These findings underscore the ethical dilemma surrounding ChatGPT and other artificial intelligence platforms—specifically, whether the benefit of more accessible dermatologic information outweighs the risk of harm from potentially confusing or incomplete information [3]. The findings encourage dermatologists to assess patients’ baseline understanding and inquire about the educational resources used. In addition to targeted counseling, providing patients with educational handouts or links to AAD patient resource centers may be prudent to ensure access to comprehensive, patient-targeted, up-to-date information.

This assessment has limitations. There is inherent variability in ChatGPT’s responses; however, through our extensive interactions with the software, we did not find meaningful differences in the answers’ content when we presented the same question several times. Additionally, our findings’ reliability and applicability are contingent upon the type of generative AI models used and the specific phrasing of questions. These findings also do not apply to queries on all skin conditions. Moreover, this research used the popular ChatGPT-3.5 model; subsequent models with more advanced training may yield varying outcomes.

Nonetheless, these findings provide an initial characterization of the accuracy and comprehensiveness of ChatGPT in two common skin conditions. Additional studies are required to further understand the clinical benefits and risks of artificial intelligence in patient-initiated dermatologic education. Our findings are time sensitive. As AI models like ChatGPT evolve and guidelines update, the performance and relevance of our results with ChatGPT-3.5 may change. Continuous reassessments are crucial for maintaining accuracy and relevance.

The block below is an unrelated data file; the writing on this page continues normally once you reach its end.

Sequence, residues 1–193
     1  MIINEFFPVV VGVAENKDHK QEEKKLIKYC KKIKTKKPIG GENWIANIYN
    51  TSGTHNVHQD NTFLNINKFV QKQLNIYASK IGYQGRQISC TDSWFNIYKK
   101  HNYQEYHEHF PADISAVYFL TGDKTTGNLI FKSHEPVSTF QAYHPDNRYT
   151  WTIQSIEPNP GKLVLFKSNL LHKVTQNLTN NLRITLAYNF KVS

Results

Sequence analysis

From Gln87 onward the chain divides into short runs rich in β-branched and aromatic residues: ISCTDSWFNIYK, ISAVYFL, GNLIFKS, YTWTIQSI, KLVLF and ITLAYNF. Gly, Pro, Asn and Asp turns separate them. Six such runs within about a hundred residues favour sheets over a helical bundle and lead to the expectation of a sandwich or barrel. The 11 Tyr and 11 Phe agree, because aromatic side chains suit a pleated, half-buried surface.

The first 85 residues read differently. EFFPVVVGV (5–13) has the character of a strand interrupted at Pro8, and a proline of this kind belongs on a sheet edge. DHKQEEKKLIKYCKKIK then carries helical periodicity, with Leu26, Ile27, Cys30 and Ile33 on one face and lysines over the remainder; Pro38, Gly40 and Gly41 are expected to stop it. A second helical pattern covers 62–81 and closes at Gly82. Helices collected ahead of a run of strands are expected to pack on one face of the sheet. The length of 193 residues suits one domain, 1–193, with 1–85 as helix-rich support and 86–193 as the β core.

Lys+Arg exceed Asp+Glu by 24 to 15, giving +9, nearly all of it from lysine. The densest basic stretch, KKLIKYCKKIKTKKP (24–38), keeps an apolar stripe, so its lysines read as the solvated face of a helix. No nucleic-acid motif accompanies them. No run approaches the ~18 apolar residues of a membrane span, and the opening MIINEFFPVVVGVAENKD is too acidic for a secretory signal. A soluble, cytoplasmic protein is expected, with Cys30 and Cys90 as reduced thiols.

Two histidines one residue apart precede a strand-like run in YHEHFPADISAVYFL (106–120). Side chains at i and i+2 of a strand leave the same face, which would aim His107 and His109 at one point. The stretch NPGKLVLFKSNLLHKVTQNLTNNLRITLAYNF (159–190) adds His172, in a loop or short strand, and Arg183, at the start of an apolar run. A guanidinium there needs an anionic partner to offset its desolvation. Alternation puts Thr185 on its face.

Conflicts of Interest

HF is a consultant for Cytrellis Biosystems, Inc and Soliton, Inc. The other authors declare no conflicts of interest.

Multimedia Appendix 1

ChatGPT input questions and associated scores for atopic dermatitis and acne vulgaris.

DOCX File , 40 KB

Multimedia Appendix 2

Sample ChatGPT output responses for atopic dermatitis and acne vulgaris and associated physician scores and author commentary.

DOCX File , 20 KB

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AAD: American Academy of Dermatology
AD: atopic dermatitis

Edited by J Solomon, I Brooks; submitted 29.06.23; peer-reviewed by J Zampella, A Mihalache, M Wright, Z Zhang; comments to author 04.08.23; revised version received 13.09.23; accepted 30.10.23; published 14.11.23.


©Nehal Lakdawala, Leelakrishna Channa, Christian Gronbeck, Nikita Lakdawala, Gillian Weston, Brett Sloan, Hao Feng. Originally published in JMIR Dermatology (, 14.11.2023.